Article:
Update from my appointment with a Mayo Clinic Neurologist - he found clinical evidence of small fiber predominant length-dependent neuropathy. He also thought that it is not related to my PMR autoimmune disease diagnosed in 2007 by a Rheumatologist at Mayo Clinic. That was treated with prednisone but has been in remission since 2009 or so and I was able to stop taking prednisone. I am fortunate that I only have numbness in both feet and legs but no real pain. This means that there is no medication treatment or topicals that will reduce the numbness. I have ordered a Zopec DT-1200 tens unit that others in the MN Neuropathy Association have had success using it for treatments. I have also started a few nerve related supplements (CoQ10, Acetyl L-Carnitine HCL, Alpha-Lipoic Acid) that come in one capsule. In addition to that I am trying to follow the Wahls Diet from Dr. Terry Wahls. Basically it boils down to gluten free, no dairy, and no sugar with 6 to 12 ounces of meat protein per day. It's good having answers even if it's not a defined treatment.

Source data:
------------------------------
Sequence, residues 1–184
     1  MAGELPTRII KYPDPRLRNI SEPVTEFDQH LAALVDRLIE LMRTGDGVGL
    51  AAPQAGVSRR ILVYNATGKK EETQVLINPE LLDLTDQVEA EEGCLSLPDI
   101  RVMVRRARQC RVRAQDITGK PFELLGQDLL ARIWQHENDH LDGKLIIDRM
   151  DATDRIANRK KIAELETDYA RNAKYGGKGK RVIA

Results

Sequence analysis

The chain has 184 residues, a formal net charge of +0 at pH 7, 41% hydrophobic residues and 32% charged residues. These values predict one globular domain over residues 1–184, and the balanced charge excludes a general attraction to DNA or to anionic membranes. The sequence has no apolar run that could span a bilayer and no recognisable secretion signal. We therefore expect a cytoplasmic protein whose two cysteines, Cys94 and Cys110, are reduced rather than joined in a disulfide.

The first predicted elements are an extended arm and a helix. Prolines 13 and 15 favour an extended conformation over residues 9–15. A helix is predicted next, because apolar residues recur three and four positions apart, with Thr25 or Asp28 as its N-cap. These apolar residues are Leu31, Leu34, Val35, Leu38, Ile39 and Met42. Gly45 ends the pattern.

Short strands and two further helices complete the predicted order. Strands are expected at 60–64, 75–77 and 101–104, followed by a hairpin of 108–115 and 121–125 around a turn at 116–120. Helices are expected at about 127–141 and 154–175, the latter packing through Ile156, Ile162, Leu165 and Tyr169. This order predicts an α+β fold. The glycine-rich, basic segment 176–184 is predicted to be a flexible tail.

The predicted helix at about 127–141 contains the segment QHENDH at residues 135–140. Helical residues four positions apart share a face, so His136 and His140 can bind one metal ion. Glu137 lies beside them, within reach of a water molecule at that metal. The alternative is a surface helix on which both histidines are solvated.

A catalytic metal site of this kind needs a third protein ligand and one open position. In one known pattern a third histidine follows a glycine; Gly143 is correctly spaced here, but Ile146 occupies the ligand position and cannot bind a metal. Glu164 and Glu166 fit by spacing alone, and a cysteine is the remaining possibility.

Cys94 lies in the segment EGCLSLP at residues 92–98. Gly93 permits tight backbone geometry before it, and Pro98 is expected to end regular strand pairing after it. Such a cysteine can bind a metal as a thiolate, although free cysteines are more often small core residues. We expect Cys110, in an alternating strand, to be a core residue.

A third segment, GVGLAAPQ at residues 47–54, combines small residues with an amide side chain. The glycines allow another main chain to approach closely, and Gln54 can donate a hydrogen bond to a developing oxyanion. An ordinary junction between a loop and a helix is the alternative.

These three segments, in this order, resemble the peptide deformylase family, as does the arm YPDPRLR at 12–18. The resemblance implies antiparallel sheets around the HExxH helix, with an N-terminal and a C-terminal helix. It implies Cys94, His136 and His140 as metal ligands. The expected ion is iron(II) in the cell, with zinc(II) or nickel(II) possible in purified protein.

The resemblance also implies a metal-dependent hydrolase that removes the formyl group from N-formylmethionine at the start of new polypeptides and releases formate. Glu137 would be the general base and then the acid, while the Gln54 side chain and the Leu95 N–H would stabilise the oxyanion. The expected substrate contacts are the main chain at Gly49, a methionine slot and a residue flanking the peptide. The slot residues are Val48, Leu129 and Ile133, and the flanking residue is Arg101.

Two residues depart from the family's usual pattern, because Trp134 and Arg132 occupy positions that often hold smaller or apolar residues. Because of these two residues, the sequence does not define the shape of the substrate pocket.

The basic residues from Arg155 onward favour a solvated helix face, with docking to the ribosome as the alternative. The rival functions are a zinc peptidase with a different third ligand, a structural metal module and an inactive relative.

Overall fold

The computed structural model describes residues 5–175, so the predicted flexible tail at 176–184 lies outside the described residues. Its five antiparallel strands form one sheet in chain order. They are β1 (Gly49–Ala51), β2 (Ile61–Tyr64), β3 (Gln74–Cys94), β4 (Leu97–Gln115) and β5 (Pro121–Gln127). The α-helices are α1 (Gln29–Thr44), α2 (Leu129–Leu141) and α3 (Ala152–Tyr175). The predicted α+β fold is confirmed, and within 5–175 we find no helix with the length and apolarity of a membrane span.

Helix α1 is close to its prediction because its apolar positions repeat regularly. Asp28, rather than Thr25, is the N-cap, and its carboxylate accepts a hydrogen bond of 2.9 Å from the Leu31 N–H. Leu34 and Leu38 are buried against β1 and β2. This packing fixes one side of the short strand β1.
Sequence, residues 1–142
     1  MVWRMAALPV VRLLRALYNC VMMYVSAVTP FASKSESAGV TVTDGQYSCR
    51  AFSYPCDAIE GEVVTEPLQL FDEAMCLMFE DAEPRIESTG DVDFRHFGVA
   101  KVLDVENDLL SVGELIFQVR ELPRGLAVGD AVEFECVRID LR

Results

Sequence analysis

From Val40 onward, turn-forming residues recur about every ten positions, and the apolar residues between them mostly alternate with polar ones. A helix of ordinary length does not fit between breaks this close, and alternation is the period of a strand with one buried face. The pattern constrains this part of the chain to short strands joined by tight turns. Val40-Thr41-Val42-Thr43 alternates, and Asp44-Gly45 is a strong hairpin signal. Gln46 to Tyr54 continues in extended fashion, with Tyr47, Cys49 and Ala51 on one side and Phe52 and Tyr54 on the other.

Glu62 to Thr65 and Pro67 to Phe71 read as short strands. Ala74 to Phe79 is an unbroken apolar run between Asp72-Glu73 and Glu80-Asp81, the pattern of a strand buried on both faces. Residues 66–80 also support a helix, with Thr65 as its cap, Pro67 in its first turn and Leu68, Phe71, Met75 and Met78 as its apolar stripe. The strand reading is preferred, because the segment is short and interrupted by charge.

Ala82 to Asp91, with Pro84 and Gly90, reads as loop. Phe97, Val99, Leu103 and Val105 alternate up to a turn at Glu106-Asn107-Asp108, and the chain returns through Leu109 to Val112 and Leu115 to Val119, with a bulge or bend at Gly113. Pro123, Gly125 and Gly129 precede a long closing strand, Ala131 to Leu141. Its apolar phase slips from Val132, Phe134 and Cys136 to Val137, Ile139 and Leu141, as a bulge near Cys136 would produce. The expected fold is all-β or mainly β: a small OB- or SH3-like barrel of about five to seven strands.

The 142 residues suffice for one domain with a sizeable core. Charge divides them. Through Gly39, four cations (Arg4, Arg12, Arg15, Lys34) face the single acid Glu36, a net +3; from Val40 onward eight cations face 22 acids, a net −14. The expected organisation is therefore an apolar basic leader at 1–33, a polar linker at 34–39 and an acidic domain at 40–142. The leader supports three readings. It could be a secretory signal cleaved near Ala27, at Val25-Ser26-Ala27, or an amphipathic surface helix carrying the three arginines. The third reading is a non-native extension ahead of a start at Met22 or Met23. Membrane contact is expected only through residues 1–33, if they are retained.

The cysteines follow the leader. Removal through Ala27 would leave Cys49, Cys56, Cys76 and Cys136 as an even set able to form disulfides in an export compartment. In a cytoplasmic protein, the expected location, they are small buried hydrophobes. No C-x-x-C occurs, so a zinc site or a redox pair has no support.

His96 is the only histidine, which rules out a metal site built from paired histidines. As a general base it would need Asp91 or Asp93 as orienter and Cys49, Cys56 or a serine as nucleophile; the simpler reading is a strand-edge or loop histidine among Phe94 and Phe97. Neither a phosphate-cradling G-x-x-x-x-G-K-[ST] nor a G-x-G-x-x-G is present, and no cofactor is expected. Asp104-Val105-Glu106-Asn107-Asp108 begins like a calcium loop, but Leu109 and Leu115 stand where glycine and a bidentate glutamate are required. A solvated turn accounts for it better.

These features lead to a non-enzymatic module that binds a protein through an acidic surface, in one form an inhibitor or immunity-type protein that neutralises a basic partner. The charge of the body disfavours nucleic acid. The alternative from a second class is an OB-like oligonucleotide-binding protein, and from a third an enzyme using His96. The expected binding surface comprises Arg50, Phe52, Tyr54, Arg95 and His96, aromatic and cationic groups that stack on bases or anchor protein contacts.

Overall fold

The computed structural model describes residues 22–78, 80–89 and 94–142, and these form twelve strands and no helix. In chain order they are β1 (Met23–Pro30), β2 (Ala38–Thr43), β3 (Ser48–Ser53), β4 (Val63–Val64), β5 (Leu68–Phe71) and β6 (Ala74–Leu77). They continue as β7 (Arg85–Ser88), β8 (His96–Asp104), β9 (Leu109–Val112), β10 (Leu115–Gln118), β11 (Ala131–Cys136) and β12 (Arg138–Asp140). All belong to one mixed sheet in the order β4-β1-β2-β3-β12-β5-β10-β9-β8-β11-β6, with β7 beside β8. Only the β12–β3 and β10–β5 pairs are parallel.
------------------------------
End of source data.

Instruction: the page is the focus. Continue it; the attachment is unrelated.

Edited: 05/10/2016 @ 8:16am